Video and highlights from an event that brought together diverse community leaders to explore practices for building fire-adapted communities.
Wildfire hazard assessment maps can help communities build safer neighborhoods, prioritize mitigation resources, and adapt to wildfire.
Updated: For communities land use planning is more effective than logging on federal lands to reduce future wildfire disasters.
Community Planning Assistance for Wildfire (CPAW) is helping communities reduce wildfire risks and costs. Four new communities join 26 others this coming year.
A new home built to wildfire-resistant codes can be constructed for roughly the same cost as a typical home.
Almost half of the full community costs of wildfire are paid for at the local level, including homeowners, businesses, and government agencies.
Updated: The Community Planning Assistance for Wildfire program now helps 30 communities reduce wildfire risk through improved land use planning.
County governments, fire districts and service areas, and landowners have many opportunities to reduce wildfire risk in the wildland-urban interface through land use planning tools and strategies, though challenges in Montana’s regulatory framework remain.
A lack of land use planning amplified the devastation from Hurricane Harvey. Wildfire-prone communities should take note.
This story map provides Taos County residents with information about the ecological role of fire, the region’s wildfire risk, forest restoration projects, and emergency preparedness.
The wildfires that burned the edge of the Great Smoky Mountains National Park devastated nearby communities and underscore the need to reduce the risks and costs of future catastrophic events.
It is unlikely that insurance rates and policies alone will determine whether or not a landowner decides to build a new home on wildfire-prone land.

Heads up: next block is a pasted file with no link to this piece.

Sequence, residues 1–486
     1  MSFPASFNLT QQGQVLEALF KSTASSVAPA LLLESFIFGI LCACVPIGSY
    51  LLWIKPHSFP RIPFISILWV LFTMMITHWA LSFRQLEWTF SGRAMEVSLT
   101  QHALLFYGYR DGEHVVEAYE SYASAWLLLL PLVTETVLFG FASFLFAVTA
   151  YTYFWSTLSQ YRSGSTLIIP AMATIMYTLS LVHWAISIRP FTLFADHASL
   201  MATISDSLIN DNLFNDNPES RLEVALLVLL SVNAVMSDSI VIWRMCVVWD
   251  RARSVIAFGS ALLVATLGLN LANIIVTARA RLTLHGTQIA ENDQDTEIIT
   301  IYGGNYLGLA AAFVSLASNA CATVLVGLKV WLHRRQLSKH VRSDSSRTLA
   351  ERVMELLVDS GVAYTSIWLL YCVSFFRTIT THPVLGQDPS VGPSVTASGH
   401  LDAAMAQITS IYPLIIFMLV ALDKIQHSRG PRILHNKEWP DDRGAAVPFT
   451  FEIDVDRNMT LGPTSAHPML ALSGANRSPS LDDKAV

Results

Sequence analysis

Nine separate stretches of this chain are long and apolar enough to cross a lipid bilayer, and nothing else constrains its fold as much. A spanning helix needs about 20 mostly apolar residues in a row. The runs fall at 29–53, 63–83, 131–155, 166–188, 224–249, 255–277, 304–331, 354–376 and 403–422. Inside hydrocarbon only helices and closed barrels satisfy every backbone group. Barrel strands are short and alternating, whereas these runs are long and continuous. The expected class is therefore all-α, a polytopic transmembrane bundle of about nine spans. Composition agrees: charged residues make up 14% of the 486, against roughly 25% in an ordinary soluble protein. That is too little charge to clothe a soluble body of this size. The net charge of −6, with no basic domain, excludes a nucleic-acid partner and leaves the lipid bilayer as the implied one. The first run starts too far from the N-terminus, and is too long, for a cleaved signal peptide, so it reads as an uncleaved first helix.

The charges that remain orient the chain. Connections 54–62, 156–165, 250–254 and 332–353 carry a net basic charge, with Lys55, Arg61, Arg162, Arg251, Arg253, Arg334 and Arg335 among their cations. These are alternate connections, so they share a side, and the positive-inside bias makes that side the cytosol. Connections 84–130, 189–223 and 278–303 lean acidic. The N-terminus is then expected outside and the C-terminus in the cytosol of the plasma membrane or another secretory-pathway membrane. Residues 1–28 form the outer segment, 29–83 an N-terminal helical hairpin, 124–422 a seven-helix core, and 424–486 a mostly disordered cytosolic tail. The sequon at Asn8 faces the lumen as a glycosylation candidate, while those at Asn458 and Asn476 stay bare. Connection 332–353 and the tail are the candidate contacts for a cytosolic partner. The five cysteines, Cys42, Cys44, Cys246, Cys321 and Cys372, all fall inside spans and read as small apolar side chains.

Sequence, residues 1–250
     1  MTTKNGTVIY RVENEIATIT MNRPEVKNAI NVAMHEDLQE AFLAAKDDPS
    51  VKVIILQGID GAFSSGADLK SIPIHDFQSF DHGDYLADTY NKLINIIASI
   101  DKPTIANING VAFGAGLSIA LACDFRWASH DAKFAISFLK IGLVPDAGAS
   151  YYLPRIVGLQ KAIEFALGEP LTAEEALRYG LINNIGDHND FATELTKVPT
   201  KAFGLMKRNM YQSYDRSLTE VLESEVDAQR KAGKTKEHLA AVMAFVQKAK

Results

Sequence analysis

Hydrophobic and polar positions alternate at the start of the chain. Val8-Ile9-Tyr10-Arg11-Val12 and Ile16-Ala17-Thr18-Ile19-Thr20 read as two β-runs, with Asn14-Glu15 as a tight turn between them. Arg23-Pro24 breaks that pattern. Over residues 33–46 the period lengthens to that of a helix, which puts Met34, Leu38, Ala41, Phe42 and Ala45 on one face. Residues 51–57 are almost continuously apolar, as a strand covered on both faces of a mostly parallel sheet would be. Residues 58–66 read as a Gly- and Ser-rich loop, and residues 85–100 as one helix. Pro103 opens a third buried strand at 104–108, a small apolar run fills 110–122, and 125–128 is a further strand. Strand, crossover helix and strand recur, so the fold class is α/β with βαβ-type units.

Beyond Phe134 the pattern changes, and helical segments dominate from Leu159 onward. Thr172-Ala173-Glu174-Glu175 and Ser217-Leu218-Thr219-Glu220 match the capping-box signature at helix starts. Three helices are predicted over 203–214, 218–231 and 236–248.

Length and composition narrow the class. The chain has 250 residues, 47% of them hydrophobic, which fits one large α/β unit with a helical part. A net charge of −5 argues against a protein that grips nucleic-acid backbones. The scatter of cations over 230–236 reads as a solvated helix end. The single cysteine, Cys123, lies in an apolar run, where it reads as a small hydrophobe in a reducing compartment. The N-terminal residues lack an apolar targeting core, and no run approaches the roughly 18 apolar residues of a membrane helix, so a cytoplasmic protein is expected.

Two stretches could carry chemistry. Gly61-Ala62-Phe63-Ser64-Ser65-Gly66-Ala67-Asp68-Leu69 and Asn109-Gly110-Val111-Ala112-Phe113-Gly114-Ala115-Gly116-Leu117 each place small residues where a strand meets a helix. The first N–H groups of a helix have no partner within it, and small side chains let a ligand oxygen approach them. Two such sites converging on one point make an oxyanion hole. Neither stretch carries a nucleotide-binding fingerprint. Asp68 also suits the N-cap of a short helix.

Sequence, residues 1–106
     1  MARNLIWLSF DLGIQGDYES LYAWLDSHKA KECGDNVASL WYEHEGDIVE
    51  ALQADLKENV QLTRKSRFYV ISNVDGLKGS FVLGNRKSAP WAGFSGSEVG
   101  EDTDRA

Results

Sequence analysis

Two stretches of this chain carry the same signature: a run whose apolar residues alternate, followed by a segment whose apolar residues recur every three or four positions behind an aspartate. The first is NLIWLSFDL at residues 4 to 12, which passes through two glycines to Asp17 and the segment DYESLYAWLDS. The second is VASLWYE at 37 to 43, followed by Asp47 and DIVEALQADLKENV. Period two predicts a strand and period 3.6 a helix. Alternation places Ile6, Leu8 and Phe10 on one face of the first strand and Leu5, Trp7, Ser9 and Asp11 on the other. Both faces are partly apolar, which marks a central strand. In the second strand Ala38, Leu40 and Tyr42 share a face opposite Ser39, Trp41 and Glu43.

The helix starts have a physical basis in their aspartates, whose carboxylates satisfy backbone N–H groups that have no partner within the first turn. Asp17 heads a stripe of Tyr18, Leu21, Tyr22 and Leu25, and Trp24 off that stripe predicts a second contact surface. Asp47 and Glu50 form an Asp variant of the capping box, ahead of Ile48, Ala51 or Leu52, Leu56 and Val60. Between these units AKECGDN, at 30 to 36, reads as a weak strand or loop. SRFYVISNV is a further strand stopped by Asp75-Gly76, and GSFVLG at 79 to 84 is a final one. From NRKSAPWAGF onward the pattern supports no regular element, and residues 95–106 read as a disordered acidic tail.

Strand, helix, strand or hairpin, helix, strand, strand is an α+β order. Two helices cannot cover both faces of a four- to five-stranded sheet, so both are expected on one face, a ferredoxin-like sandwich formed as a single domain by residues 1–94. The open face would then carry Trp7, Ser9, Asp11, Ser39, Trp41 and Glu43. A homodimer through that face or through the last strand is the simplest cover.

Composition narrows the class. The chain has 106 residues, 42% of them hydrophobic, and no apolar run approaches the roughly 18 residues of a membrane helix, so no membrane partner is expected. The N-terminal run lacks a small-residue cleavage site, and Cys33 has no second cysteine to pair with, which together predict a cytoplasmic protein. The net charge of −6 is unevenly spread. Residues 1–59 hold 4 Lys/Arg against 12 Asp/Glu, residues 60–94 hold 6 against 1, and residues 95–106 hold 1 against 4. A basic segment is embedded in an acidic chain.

This summary highlights the major research Headwaters Economics has conducted concerning controlling fire suppression costs, state case studies, and the growth of homes in the WUI.
Five urban areas in the West and Southwest are taking steps to mitigate wildfire risks and costs through the perspective of land use planning.
Case studies show how five urban areas in the West are using innovative land use planning tools to adapt to the increasing risks from wildfires.
This report outlines a number of solutions to alter the pace, scale, and pattern of future development in the Wildland-Urban Interface.
Wildfires pose a growing threat to many communities. As more development occurs near wildfire-prone lands, there is a growing need to reduce risk through improved land use policies and tools.
This paper reviews the experience of national floodplain management programs to draw lessons for new approaches to reduce the costs and risks posed by wildfire to properties in the Wildland-Urban Interface.
The failure of Congress to pass wildfire disaster funding is a missed opportunity for two reasons: one to stop ‘fire borrowing’ and second to reduce risks and costs to homeowners and the taxpayer.
This study reviews how western communities are addressing wildfire risk, how they have responded to recent major fires, and useful lessons and public policy insights for the future.